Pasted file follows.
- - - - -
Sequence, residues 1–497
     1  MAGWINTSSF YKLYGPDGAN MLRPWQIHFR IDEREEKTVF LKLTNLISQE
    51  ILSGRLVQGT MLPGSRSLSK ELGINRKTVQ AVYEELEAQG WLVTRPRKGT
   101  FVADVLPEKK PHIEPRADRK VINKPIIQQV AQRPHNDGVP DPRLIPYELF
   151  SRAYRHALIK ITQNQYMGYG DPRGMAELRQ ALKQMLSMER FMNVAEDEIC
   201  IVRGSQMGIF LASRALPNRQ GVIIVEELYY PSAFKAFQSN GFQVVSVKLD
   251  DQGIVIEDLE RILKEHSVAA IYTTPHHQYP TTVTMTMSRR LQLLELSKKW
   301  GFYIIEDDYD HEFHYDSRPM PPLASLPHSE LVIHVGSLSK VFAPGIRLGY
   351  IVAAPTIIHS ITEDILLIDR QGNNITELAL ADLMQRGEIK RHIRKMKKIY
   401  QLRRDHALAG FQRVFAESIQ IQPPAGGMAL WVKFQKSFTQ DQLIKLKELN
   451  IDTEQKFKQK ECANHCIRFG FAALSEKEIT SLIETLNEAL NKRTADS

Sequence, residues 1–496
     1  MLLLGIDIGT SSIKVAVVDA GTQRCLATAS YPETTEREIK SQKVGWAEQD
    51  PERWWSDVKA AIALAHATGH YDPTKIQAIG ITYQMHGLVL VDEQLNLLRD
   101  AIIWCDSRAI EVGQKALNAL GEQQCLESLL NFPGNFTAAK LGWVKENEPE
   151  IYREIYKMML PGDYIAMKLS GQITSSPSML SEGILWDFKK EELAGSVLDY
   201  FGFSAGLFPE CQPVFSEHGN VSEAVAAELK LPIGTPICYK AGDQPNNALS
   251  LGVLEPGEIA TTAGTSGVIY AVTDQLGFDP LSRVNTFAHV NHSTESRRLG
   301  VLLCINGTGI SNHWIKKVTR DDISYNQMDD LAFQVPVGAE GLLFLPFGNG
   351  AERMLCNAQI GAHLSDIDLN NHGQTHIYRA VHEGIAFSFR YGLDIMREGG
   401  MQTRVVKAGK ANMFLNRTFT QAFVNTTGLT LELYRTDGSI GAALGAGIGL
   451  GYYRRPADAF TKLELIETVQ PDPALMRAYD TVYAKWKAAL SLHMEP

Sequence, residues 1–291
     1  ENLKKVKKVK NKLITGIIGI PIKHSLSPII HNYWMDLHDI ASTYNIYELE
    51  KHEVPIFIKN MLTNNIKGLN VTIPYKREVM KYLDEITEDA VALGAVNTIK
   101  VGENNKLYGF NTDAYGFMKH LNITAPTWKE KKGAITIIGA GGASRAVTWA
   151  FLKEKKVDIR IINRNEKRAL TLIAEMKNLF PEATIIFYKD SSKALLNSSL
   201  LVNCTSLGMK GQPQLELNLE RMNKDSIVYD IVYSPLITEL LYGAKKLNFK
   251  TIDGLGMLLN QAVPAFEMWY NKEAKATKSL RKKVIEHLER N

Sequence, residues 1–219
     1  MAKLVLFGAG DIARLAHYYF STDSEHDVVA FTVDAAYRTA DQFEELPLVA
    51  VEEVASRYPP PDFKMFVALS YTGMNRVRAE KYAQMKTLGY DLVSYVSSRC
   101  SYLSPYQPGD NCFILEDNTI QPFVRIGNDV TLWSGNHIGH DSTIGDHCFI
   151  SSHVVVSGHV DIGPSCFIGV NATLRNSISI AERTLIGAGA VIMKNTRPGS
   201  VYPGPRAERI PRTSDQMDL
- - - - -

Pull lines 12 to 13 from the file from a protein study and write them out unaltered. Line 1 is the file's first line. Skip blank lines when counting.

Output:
Sequence, residues 1–496
     1  MLLLGIDIGT SSIKVAVVDA GTQRCLATAS YPETTEREIK SQKVGWAEQD